There be dragons…

I would not describe myself as a cryptozoologist – the jury still seems to be out on what that means.

If it is someone who tries to justify the existence of mythical creatures, then count me out.  If it is someone who studies mythical creatures then, guilty as charged.  Many hours have been spent debating whether four legs and wings would work and they are a fantastic ‘in’ to the public for science communication.

I’ve recently had an article published that used zombies to explain neuroanatomy (available here).  I asked everyone at the event to give me a zombie impression – they all stood up and did the same thing.  If zombies don’t exist then how did they do that?  We very quickly get into philosophical discussion about ‘existence’ and phrases such as ‘social constructs maintained in the societal collective’

Moving on….let’s talk mermaids!

There is a very rare (1 in 100,000 births) congenital deformity where babies are born with their lower limbs fused together.  This is called Sirenomelia or mermaid syndrome.  Its cause it debated.

Here I am talking about the mythical creature who lures sailors to their deaths – they generally aren’t nice – you need to think about Harry Potter and Peter Pan as opposed to Ariel.

Mermaids (and mermen) are another creature that almost everybody knows what they look like.  Another useful ‘in’ to describe movement and spinal musculature.

Almost everyone describes a merperson’s tail as seen in this picture. (I was going to use the statue of the mermaid from Copenhagen but it has legs).  The merperson has a lower half that is covered in scales and the fins of the tail are in the same orientation as the arms – they stick out to the sides.

They are described as being half human, half fish.

A fish has a tail that looks like this.

The fins are vertical.  The main musculature on a fish sits either side of the spine, anyone who has ever filleted a fish can confirm that.  As a fish swims it moves its tail from side to side.  There is an argument that this is the evolutionary advantage of having the left side of your brain control the right side of your body and vice versa.  When danger approaches a fish from the right, it has to contract the left side of its body to move away.  The few milliseconds advantage that it gets from having the right side of its brain control the left side of its body could mean life or death.  (This gets complicated when we appreciate that the visual field might cross over too, but I did say it was an argument, as opposed to the truth)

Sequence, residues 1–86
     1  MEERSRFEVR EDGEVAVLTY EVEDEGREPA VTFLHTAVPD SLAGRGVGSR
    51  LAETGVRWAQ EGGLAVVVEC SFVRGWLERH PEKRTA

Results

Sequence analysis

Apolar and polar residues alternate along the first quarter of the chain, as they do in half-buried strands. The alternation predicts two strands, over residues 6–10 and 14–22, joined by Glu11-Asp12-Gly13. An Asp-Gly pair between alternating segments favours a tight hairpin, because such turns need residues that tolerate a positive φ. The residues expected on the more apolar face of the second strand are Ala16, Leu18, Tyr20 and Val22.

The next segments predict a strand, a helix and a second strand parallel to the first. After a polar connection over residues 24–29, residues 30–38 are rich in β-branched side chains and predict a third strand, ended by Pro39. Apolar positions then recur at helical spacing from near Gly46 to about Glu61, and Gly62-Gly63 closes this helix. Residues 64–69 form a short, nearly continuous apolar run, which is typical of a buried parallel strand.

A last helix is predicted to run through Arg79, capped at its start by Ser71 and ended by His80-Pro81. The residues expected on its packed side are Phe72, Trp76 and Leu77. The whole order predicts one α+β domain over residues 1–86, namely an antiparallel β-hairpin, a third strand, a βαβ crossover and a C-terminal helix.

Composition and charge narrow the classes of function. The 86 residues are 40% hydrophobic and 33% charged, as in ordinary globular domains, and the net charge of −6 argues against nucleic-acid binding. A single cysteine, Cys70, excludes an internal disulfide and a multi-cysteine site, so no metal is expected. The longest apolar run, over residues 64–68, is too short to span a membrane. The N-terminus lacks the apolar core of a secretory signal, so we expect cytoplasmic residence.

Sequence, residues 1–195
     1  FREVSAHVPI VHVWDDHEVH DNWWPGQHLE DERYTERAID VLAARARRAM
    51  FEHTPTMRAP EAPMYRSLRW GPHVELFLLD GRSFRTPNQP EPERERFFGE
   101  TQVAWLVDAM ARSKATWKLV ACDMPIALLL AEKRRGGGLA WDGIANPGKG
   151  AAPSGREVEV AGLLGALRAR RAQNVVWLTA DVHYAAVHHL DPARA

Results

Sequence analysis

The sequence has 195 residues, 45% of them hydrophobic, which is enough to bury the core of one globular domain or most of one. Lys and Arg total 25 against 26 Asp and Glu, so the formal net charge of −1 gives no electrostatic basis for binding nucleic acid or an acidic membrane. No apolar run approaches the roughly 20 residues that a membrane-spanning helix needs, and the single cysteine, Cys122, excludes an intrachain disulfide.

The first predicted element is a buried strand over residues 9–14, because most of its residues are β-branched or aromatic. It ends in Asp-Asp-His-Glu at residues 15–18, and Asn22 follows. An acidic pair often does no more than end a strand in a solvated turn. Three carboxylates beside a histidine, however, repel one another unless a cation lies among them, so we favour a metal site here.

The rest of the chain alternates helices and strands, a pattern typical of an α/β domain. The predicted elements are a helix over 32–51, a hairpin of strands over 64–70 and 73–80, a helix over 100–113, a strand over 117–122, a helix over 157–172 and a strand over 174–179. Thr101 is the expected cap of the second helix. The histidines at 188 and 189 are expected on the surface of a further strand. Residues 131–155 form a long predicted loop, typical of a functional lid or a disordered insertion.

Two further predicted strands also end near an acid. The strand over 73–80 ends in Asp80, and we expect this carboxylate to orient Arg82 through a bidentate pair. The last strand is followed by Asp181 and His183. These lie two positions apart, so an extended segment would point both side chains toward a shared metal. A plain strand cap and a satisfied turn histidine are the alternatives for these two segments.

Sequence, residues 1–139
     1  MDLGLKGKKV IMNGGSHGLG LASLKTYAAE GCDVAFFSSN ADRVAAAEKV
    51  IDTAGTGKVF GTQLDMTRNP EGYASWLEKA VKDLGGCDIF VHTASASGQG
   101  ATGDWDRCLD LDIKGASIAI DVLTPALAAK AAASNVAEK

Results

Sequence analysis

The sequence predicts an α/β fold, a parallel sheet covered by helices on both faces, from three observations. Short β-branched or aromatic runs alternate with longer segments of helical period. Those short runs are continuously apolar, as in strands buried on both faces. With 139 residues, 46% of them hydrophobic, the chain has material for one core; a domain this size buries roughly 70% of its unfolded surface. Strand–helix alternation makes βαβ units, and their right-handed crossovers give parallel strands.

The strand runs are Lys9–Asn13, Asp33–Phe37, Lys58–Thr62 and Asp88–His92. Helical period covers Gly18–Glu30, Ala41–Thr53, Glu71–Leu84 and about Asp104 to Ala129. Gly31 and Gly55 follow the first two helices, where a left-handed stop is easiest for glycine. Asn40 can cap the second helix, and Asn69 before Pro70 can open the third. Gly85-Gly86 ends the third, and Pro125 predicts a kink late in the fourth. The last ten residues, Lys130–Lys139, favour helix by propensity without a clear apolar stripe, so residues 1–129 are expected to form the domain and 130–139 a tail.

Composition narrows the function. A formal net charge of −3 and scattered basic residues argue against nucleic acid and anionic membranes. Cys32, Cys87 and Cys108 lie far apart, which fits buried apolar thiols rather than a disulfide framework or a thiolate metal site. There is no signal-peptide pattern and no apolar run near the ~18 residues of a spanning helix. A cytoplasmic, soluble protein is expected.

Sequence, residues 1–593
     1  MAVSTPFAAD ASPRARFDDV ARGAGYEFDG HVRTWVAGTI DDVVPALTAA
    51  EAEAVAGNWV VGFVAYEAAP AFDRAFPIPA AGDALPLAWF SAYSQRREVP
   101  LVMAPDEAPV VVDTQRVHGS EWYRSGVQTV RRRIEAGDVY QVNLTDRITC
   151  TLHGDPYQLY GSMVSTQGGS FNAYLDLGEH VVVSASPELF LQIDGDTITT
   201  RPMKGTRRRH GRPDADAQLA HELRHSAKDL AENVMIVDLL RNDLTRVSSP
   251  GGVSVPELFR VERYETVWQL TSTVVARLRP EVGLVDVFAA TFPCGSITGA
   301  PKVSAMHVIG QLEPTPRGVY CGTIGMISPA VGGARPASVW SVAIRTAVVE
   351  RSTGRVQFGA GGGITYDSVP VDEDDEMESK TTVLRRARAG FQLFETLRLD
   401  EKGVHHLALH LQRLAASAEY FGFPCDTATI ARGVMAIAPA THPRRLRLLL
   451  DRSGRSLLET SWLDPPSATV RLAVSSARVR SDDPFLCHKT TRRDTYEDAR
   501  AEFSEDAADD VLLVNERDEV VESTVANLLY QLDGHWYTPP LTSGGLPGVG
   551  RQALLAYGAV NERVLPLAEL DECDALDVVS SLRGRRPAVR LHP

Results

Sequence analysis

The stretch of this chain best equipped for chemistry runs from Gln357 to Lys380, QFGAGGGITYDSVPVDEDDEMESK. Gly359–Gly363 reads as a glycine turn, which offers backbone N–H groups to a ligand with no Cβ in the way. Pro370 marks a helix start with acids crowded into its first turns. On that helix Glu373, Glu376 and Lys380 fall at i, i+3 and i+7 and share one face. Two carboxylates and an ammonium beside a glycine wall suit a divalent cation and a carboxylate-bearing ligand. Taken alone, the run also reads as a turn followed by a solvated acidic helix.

To use their tail in the same way as a fish, a merperson would have to swim on their side.

The main musculature in the torso of a mammal is at the front and back.  Aquatic mammals have tails that look like this and the movement in the water is up and down rather than side to side.

This is the way that merpeople are usually depicted as swimming in films.  That would make sense, the top half of the merperson is mammalian, its musculature would be at the front and back, the tail movement is usually orientated that way.

What is with the scales then?

Is the half fish bit just the scales and the appearance of the fins?  A quick look at their suggested anatomy and movement would say that they are more likely to be half person, half dolphin.

That probably doesn’t look quite so photogenic in films.

Either way, you probably will never look at mermaids in the same way again.

(Let’s just gloss over the fact they sit on rock with no pelvis and they bend their tails at the ‘knee’ joint)

Author: Anatomy Fundamentals

Janet Philp has spent a lifetime exploring fitness and wellbeing. Starting in group exercise, travelling through rugby to representing the UK at martial arts before including Yoga, meditation, Budokon and personal instruction. Her passion is anatomical function and educating people to use their bodies to their full potential.

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